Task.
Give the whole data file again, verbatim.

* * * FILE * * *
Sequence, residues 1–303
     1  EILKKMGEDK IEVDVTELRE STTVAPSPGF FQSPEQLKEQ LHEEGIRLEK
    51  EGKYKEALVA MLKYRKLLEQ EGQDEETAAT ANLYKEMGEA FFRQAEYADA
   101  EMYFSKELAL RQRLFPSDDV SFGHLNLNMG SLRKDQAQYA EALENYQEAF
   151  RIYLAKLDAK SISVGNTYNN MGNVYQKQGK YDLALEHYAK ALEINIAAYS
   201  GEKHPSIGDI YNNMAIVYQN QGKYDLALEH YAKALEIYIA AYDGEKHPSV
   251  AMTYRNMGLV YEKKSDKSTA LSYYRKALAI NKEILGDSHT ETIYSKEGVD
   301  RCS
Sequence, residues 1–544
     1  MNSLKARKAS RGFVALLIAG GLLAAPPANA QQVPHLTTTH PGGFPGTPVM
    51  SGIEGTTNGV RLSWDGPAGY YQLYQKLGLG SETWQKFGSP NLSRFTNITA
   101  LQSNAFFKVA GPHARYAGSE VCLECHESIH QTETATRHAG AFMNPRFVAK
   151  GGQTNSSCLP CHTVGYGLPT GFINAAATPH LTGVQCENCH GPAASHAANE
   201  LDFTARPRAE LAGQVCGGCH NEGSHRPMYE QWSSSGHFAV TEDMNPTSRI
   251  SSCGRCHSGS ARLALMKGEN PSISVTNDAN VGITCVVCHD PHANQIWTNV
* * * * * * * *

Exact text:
Sequence, residues 1–303
     1  EILKKMGEDK IEVDVTELRE STTVAPSPGF FQSPEQLKEQ LHEEGIRLEK
    51  EGKYKEALVA MLKYRKLLEQ EGQDEETAAT ANLYKEMGEA FFRQAEYADA
   101  EMYFSKELAL RQRLFPSDDV SFGHLNLNMG SLRKDQAQYA EALENYQEAF
   151  RIYLAKLDAK SISVGNTYNN MGNVYQKQGK YDLALEHYAK ALEINIAAYS
   201  GEKHPSIGDI YNNMAIVYQN QGKYDLALEH YAKALEIYIA AYDGEKHPSV
   251  AMTYRNMGLV YEKKSDKSTA LSYYRKALAI NKEILGDSHT ETIYSKEGVD
   301  RCS
Sequence, residues 1–544
     1  MNSLKARKAS RGFVALLIAG GLLAAPPANA QQVPHLTTTH PGGFPGTPVM
    51  SGIEGTTNGV RLSWDGPAGY YQLYQKLGLG SETWQKFGSP NLSRFTNITA
   101  LQSNAFFKVA GPHARYAGSE VCLECHESIH QTETATRHAG AFMNPRFVAK
   151  GGQTNSSCLP CHTVGYGLPT GFINAAATPH LTGVQCENCH GPAASHAANE
   201  LDFTARPRAE LAGQVCGGCH NEGSHRPMYE QWSSSGHFAV TEDMNPTSRI
   251  SSCGRCHSGS ARLALMKGEN PSISVTNDAN VGITCVVCHD PHANQIWTNV